Keeping my French heritage alive on a small diversified farm in Oregon

I am a first generation French woman relocated in the beautiful Pacific Northwest. I grew up on a produce-horse farm in the Southwest of France in a very unique situation, well not so unique for France, but unique compared to the life I live here today. My grandparents lived nearby and were an instrumental part of my life growing up. I had multiple cousins, aunts and uncles close by as well, which made for a very intricate sometimes difficult, yet beautiful tapestry of life, one that is hard to leave behind and that I have never forgotten.

Although I have now lived in the US longer than I lived in France, I have always spoken French, and embraced the traditions I grew up with, and our small diversified farm is a perfect canvas to make sure I keep some of these traditions well and alive. We are a Franco-American family small farming in the US.

Here, just outside of Eugene in Oregon we raise a small flock of Gotland sheep, we run a small produce-egg-flower CSA, we run a few camps for children, we host workshops and we are in the process of launching a Farmstay experience, all of these diversified offerings really are great platforms to spread some of these traditions and for education, which is a cornerstone of this farming life.

From the garden, we are able to harvest, process and put up a lot of food for the winter to share with our family, friends and guests. Some of our favorites include making and freezing big batches of ratatouille, blanching and freezing French filet beans, freezing peppers and making a base of tomatoe sauce. Another summer favorite is making jam. In our family raspberry jam is a favorite. We also like a mixed berry jam with a hint of anise. I grew up watching one of the elders sitting for an entire day by the cauldron of strawberry jam (a crop we grew on our family farm), stirring endlessly until it reached the perfect consistency, whilst keeping its bright red color. The secret to the best jam is time! Definitely one of my favorite memories!. In the fall we like to make apple and pear sauce that we eat along with yogurt throughout the winter.

From the garden I also harvest lavender. Lavender is a huge part of my childhood where it rhymes with summer warm days, keeping cool in the pool and watching bees and bumble bees at work in the lavender all day long. Some of its easy uses include making lavender sachets to keep clothes fresh, making lavender wands, and drying it to add to wreaths making in the winter.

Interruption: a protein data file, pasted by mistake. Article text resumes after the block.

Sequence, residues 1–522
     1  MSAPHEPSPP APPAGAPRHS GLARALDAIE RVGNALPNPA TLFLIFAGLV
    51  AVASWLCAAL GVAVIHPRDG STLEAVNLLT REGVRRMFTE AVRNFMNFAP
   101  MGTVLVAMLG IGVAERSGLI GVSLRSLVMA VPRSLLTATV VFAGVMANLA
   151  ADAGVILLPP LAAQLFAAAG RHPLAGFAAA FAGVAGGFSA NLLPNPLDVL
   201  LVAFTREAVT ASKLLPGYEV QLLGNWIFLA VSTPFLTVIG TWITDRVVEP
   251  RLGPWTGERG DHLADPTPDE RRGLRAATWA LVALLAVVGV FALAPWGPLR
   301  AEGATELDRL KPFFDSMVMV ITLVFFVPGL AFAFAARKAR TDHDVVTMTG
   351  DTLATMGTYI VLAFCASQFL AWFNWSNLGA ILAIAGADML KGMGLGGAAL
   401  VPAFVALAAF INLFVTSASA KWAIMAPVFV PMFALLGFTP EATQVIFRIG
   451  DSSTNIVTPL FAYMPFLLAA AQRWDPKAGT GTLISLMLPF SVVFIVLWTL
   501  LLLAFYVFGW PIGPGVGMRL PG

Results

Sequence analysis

From our flock of sheep that we raise for breeding stock, wool but also for meat and pelts, each year some of the lambs are sold directly from the farm to customers and help feed families in our community. My husband and I retain at least one lamb and are able to harvest it and process it on the farm in keeping with the traditions I grew up with, when we harvested a pig each year. It was a whole day enterprise where the whole family gathered up and took part in the works to process the meat (cuts, patés, hams among other preparations). The long day of hard work ended with a huge family meal at my grandparents.

In the kitchen and in the house, with the children, we are always tinkering with making a batch of madeleines (stay tuned for the recipe), turning some crepes, felting a little wool, making a small wreath or something else along those lines.

Our small farm definitely illustrates scenes of my French culture, with small touches here and there. It can be as simple as a Fresh lavender bouquet in the summer or some onions cooked in olive oil in preparation for ratatouille, or it can be a jam cupboard (of primitive style) finding its place on our farm, and reminding me of Sundays spent with my mother, travelling the French countryside, going from one village to the next looking for antiques, linens and tablecloth made of heavy cotton embroidered with somebody’s initials with a life of their own.

I am an expat, first and foremost a mother, a shepherd and a farmer, with a deep sense of place. I nurture the place I come from and the place I landed into and I try and blend all these aromas to contribute a sense of aesthetics to the farming life I chose and share.

3 Responses

  1. Stéphanie Schiffgens

    Glad you liked it!

  2. Michael Gliebe-Creech

    Now that the summer is ending for me. I am finally rapping up big projects here on the farm and catching up on all the things I’ve been looking forward to doing. Reading your blog was on the top of my list. To start with, I really didn’t know anything about you. I was so pleased to read that you are French! In high school my family hosted French exchange students who changed my perspective on the world. Then I’m college I was blessed to spend a semester in Montpellier. Many of our friends visit France often for leisure. We collectively have a huge appreciation for the culture…..Just loving what I have read so far and excited read more!

    • Stéphanie Schiffgens

      I am so glad you are reading some of these posts. I love telling the story of our small farm and hope that some of these words convey images of this farm life we are gifted.
      I hope I get to meet you and your family some day.